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Thursday, March 2, 2006

Why Should I Care? The Values of News

You may not know they're there, but they guide every piece of news you read, watch or listen to. The people who prepare the news probably don't think about them either.

What does it take for a story to make the news? Not every event that happens makes the news. In fact, you may sometimes wonder why certain events get more prominence than others. The answer lies in some research published by two Swedish sociologists, Galtung and Ruge. Galtung and Ruge came up with a list of factors that need to apply for events to make the news. They called these factors news values.

How does this help me?

As a freelance writer, if you want to sell a news story to a paper or magazine, the first eight news values could help you to craft it correctly. The same applies if you are writing a press release. Have you ever asked yourself these questions? (Applicable news values are in brackets.)

  • Am I submitting at the right time to get published? (frequency, composition, consonance)
  • Have I told the story clearly? (unambiguity)
  • Is the story important to my audience? (threshold, meaningfulness, continuity, unexpectedness)

If you have, then you're already using news values. And you didn't even have to think about them.

What are news values?

Here's the list:

1. Frequency. This refers to the time taken by an event. An event is more likely to be reported if it happens at a time that fits in with publication deadlines. Worrying, but true.

2. Threshold. How big is the event and how many people have been affected? If only a few are affected, we may never hear about the event at all.

3. Unambiguity. How clear is the event? Can the reporter tell it easily without confusing the reader, viewer or listener? Is it a complex event or a simple one?

4. Meaningfulness. This is divided into cultural proximity (are the people in the news 'people like us'?) and relevance (does what's happening affect us?)

  • Example: If you live in the US and a disaster happens in the US, it's news. If you live in the US and a disaster happens in India, it may be news if US citizens are involved or if thousands are dead.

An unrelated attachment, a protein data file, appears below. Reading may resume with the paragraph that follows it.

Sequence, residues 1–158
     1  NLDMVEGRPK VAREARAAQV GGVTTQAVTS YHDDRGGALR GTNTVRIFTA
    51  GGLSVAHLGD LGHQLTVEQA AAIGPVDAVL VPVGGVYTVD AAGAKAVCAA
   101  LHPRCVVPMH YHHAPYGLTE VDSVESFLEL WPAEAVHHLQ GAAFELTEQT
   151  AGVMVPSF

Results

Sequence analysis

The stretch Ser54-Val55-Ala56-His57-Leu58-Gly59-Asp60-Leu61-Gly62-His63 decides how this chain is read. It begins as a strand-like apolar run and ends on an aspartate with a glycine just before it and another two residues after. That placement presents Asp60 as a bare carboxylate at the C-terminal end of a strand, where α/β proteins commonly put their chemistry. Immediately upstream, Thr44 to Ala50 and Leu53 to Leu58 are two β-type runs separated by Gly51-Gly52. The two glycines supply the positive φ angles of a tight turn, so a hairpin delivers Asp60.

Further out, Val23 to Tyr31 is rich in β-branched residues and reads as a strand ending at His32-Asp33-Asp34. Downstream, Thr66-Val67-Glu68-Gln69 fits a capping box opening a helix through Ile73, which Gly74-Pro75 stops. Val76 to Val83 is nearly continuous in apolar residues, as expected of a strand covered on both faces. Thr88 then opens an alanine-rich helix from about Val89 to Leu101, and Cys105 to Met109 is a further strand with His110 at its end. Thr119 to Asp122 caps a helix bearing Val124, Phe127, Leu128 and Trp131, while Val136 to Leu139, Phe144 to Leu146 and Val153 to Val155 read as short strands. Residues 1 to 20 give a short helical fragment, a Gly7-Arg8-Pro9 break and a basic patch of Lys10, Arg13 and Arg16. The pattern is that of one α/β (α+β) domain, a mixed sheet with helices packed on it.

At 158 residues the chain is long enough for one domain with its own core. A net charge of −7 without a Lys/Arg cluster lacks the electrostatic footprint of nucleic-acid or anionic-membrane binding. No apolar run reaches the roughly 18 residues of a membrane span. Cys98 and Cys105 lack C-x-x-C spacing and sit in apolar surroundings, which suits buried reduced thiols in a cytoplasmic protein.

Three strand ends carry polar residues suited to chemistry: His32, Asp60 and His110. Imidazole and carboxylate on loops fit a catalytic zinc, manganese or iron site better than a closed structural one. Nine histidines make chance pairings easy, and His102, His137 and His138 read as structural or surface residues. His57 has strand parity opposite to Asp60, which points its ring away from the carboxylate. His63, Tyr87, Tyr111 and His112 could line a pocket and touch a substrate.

5. Consonance. If we already think it's newsworthy (such as a royal wedding or presidential funeral) then it probably is.

6. Unexpectedness. An unexpected or rare event will make the news.

7. Continuity. This relates to a running story. Once something is on news agenda it will stay there for a while. Examples are court cases or issues such as road safety.

8. Composition. This relates to mixing different events for balance. You would have a mixture of domestic and international news; or a mixture of political and human interest news, for example. If you've ever wondered why newscasts often end with fluffy kitten stories, that's the reason.

More news values

Galtung and Ruge didn't stop there. They found a few more news values applied mainly in the West (though I think they are more common everywhere). These are:

9. Reference to elite nations. Countries in the 'developed' world usually make the news at the expense of those in 'developing' countries. So wars, elections and disasters in economic and cultural superpowers make the news wherever you are.

10. Reference to elite persons. This is to do with the cult of celebrity. Stars, major politicians, royalty make the news by virtue of their status, whether they've done anything newsworthy or not.

11 Personalization. This refers to a tendency to emphasize people rather than faceless structures. In the UK, news tends to mention Tony Blair rather than the Labour party he heads.

12. Negativity. We always hear that bad news is good news and this is what Galtung and Ruge found. Nothing sells a paper or grabs viewers like a disaster.

These news values give a guide to the events and people that make the news. The more of these criteria an event matches, the more likely it is to survive the selection process. The news values also affect the priority a story is given. The more news values apply to a story, the more prominent it will be.

If you examine the news that is published and broadcast, you'll find that Galtung and Ruge got it right. Not bad for research that's 33 years old.

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